Pastor Jeff Hughes

commented on Jan 10, 2014

Excellent points, with one fcaveat. No offense, but your first comment is a tad condescending. I am not as trained as you are are obviously, but I do follow a consistent hermenutic--Bible--Dictionaries for key words identified--Language Helps (Vincents, Robertsons, etc)--Commentaries. In other words, see what the Holy Spirit leads with first, then work my way out from there. Perhaps this is what you meant, but does come off a little condescending. Otherwise, great article.

Charles Blansit

commented on Jan 10, 2014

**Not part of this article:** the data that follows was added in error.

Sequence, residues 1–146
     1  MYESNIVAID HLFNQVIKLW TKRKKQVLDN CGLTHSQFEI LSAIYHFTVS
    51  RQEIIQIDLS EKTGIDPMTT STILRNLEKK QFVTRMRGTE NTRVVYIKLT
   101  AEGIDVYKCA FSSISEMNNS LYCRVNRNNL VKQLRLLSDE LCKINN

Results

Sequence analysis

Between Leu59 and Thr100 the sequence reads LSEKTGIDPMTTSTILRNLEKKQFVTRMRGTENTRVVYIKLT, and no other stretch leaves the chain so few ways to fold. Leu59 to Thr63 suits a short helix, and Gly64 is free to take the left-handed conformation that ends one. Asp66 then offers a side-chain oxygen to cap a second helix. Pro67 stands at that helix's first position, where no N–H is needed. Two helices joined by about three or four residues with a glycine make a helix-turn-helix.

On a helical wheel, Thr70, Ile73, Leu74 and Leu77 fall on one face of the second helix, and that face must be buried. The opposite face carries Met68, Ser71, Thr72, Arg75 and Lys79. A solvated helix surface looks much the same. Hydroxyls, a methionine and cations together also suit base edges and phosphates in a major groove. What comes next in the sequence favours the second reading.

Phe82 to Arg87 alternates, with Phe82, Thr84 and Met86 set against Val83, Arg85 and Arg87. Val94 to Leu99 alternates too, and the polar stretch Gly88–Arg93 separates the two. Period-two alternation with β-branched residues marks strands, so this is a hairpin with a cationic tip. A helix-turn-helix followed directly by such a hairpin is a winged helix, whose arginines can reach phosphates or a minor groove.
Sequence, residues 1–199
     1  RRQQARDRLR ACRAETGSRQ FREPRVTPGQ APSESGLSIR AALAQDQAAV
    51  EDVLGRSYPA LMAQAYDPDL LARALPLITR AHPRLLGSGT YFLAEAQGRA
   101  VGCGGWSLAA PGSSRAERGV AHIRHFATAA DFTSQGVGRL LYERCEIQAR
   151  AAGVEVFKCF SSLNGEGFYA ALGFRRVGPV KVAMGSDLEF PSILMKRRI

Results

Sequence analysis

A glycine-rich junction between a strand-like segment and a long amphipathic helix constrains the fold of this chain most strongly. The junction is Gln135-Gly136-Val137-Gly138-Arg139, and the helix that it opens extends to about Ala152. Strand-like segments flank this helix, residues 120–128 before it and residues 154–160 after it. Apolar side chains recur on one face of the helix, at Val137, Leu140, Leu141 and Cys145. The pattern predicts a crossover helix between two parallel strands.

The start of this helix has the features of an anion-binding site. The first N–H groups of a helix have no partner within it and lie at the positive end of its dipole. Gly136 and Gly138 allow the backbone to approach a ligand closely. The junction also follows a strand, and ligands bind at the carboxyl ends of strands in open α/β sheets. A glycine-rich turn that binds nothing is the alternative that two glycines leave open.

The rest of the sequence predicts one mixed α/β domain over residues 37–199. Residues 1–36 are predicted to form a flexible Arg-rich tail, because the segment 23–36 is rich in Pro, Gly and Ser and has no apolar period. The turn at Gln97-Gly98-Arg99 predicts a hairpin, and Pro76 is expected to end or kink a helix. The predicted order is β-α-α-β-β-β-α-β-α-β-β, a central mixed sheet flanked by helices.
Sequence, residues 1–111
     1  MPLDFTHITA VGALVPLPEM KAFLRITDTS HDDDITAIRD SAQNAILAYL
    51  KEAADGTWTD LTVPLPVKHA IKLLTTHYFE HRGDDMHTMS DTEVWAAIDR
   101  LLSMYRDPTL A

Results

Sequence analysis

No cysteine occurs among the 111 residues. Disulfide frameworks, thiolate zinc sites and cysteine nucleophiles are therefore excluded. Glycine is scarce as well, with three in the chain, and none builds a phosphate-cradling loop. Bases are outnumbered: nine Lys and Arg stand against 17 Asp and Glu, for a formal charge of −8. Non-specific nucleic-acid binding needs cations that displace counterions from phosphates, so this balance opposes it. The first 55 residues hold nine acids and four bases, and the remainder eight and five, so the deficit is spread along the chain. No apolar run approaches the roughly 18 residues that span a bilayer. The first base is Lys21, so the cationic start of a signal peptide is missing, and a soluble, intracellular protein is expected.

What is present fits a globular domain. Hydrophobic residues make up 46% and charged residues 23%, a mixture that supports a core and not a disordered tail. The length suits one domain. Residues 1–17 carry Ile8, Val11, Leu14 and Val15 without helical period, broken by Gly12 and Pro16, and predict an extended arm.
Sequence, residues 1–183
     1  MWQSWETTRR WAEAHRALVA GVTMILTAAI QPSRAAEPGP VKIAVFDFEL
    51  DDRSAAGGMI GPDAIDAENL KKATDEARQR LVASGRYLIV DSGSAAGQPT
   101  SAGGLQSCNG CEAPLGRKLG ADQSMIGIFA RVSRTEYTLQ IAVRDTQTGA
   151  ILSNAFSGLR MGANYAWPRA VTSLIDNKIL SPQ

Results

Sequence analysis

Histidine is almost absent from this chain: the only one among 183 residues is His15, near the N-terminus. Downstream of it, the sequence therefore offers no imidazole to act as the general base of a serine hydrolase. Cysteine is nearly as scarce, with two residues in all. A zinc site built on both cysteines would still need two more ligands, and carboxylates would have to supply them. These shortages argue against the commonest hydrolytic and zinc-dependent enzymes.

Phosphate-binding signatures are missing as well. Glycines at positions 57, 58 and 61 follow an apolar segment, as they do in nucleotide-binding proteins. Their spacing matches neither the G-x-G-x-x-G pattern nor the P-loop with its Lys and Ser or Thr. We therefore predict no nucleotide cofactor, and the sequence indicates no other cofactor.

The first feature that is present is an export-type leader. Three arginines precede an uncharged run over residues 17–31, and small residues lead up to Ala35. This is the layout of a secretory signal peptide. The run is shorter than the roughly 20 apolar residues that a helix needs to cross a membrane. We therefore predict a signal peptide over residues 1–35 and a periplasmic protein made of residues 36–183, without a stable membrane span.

"There is almost no good reason to make references to the original languages." Sir, I disagree with this point. In fact I think every preacher should be trained in biblical languages. There are many decievers in the world and Satan is trying to re-write the Bible in order to decieve those who he may. How can a preacher properly exegete a passage unless he knows the original language? If you are merely using an English translation, is it accurate? What transcripts was it translated from? Is it a translation of a translation? Now, there may be times that people misuse some of these tools, however, that is a totally different issue. The trap is the sin of falsly pretending you are something that you are not. Your other points are well taken, but point one appears that you have an issue with the use of biblical languages. If you do not know them, then I agree, do not employ there use, however, if you do not know them, then my question is why aren't you trying to learn them? I challenge every preacher to do one word study on the word "so" in John 3:16 where the Bible says "God so loved the world..." If you look this word up in the original Greek you may find that it does not exactly relay the meaning that you traditionally have thought. In fact I have heard preachers who have preached entire sermons on this word falsly because they thought it meant "so much" when it fact it means "in this way". There is a big difference, and careful exegesis will keep us from these errors. Knowing and using biblical languages is not a trap. Faking to be something you are not, or being to lazy to take the time to learn them is. Charlie Blansit